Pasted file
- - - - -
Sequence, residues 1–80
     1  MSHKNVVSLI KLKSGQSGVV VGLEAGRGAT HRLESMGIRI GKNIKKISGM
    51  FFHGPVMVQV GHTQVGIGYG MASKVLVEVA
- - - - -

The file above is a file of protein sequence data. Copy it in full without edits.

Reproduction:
Sequence, residues 1–80
     1  MSHKNVVSLI KLKSGQSGVV VGLEAGRGAT HRLESMGIRI GKNIKKISGM
    51  FFHGPVMVQV GHTQVGIGYG MASKVLVEVA